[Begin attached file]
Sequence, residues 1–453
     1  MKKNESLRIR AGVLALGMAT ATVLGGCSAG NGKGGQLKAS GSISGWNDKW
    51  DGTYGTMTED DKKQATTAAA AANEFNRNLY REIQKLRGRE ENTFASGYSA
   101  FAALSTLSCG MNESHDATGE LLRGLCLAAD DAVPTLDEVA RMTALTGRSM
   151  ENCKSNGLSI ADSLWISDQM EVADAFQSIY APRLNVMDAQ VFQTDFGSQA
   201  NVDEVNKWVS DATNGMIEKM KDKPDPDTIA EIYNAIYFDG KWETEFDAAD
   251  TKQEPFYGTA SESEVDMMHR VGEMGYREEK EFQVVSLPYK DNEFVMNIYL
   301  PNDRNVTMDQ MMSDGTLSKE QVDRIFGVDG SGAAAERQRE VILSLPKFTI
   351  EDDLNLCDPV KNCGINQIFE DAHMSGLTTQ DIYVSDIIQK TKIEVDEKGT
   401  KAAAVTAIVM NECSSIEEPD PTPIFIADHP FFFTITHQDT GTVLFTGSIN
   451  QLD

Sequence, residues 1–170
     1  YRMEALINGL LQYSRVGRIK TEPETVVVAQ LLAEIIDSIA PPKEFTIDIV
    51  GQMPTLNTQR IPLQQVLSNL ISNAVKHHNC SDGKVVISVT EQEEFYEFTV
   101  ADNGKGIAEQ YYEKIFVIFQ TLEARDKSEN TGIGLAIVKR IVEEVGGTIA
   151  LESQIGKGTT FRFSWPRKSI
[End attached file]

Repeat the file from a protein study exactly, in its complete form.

Sequence, residues 1–453
     1  MKKNESLRIR AGVLALGMAT ATVLGGCSAG NGKGGQLKAS GSISGWNDKW
    51  DGTYGTMTED DKKQATTAAA AANEFNRNLY REIQKLRGRE ENTFASGYSA
   101  FAALSTLSCG MNESHDATGE LLRGLCLAAD DAVPTLDEVA RMTALTGRSM
   151  ENCKSNGLSI ADSLWISDQM EVADAFQSIY APRLNVMDAQ VFQTDFGSQA
   201  NVDEVNKWVS DATNGMIEKM KDKPDPDTIA EIYNAIYFDG KWETEFDAAD
   251  TKQEPFYGTA SESEVDMMHR VGEMGYREEK EFQVVSLPYK DNEFVMNIYL
   301  PNDRNVTMDQ MMSDGTLSKE QVDRIFGVDG SGAAAERQRE VILSLPKFTI
   351  EDDLNLCDPV KNCGINQIFE DAHMSGLTTQ DIYVSDIIQK TKIEVDEKGT
   401  KAAAVTAIVM NECSSIEEPD PTPIFIADHP FFFTITHQDT GTVLFTGSIN
   451  QLD

Sequence, residues 1–170
     1  YRMEALINGL LQYSRVGRIK TEPETVVVAQ LLAEIIDSIA PPKEFTIDIV
    51  GQMPTLNTQR IPLQQVLSNL ISNAVKHHNC SDGKVVISVT EQEEFYEFTV
   101  ADNGKGIAEQ YYEKIFVIFQ TLEARDKSEN TGIGLAIVKR IVEEVGGTIA
   151  LESQIGKGTT FRFSWPRKSI